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More Americans Delaying Retirement

The retirement of older workers opens up jobs for new workers entering the labor force. But according to a new survey by the Employee Benefit Research Institute (EBRI), many older Americans plan to continue working beyond the retirement age. This year, fully one-third (33%) of American workers expect to retire after age 65, up from a quarter (24%) 5 years ago.

EBRI, which conducts its retirement confidence survey annually, says that most reasons for delaying retirement can be traced to the recession. About 3 in 10 (29%) of those who said they have delayed retirement blame the poor economy; another 22% point to changes in their employment situation. Sixteen percent say they cannot afford to retire and 12% cite the need to make up for investment losses (12%).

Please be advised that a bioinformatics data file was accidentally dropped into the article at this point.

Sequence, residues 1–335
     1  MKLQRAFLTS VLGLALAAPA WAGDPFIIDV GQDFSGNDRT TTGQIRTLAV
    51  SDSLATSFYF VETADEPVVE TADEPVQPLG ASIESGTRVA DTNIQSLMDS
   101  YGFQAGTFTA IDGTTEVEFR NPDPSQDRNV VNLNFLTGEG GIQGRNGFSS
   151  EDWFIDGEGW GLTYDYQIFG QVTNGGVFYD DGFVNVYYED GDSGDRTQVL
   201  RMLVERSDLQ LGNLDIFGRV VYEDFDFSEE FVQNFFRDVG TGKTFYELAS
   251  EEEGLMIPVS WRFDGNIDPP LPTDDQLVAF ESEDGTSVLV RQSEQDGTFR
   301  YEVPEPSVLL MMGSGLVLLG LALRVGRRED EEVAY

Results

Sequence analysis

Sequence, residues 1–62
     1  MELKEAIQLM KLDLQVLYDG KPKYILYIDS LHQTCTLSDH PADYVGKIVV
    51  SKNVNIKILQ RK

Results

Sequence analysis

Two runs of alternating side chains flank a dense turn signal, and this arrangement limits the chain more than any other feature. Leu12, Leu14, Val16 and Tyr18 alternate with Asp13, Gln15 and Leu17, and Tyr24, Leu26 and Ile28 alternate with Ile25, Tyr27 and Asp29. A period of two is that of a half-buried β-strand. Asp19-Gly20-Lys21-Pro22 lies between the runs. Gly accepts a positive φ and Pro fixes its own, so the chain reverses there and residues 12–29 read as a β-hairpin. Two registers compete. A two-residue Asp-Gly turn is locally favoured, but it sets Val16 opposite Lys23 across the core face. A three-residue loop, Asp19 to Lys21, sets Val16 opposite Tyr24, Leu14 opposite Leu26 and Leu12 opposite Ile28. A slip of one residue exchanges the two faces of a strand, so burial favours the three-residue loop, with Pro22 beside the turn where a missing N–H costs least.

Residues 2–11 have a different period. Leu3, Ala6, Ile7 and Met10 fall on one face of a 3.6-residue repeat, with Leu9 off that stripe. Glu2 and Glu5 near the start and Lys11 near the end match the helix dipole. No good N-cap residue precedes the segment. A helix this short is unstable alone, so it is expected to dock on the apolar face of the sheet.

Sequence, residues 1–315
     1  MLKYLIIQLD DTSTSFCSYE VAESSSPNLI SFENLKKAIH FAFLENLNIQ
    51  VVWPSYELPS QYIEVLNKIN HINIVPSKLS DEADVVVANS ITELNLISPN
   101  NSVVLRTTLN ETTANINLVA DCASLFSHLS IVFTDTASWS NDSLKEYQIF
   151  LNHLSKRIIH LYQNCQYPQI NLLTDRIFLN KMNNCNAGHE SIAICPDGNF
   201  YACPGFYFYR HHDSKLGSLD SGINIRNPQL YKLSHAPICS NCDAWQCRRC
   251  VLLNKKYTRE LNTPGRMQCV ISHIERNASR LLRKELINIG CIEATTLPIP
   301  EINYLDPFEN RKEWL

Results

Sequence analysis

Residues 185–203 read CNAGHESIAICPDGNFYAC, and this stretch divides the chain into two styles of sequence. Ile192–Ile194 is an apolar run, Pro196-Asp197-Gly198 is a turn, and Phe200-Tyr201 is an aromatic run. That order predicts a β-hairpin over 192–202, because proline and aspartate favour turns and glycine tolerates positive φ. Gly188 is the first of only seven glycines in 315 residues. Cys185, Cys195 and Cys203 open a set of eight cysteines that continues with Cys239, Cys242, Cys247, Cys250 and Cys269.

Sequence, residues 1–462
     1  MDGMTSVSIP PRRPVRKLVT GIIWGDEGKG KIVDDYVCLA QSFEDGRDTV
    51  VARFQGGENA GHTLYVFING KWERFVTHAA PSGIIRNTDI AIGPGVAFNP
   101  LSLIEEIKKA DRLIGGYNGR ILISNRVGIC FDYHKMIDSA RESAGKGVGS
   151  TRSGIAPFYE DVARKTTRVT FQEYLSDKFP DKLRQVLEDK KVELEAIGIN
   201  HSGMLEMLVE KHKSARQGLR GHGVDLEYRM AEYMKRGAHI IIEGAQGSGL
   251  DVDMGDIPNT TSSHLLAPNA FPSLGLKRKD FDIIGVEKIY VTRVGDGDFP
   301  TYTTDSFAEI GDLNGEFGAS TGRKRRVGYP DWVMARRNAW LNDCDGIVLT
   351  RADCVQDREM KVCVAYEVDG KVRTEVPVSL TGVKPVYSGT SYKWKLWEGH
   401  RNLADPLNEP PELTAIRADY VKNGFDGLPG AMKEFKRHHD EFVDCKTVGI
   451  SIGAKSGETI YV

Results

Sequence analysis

Nonetheless, EBRI found more Americans very confident they will be able cover their basic needs in retirement — 29%, up from 25% last year. Yet, the findings suggest that many Americans have a way to go to make that happen.  About 7 in 10 (69%) workers say they have saved for retirement, down a little from 72% last year. But many American workers do not have much saved. More than half of Americans (54%) say the value of their home and pension (defined benefit) plans is less than $25,000. Some 27% say they have less than $1,000 in savings, 7% more than the number who said that last year.

EBRI conducted the survey of 1153 respondents — 902 workers and 205 retirees — age 25 and over in January 2010. The sample used random digit dialing, plus a supplementary sample of mobile phone exchanges, and was weighted to reflect a cross-section of the U.S. population.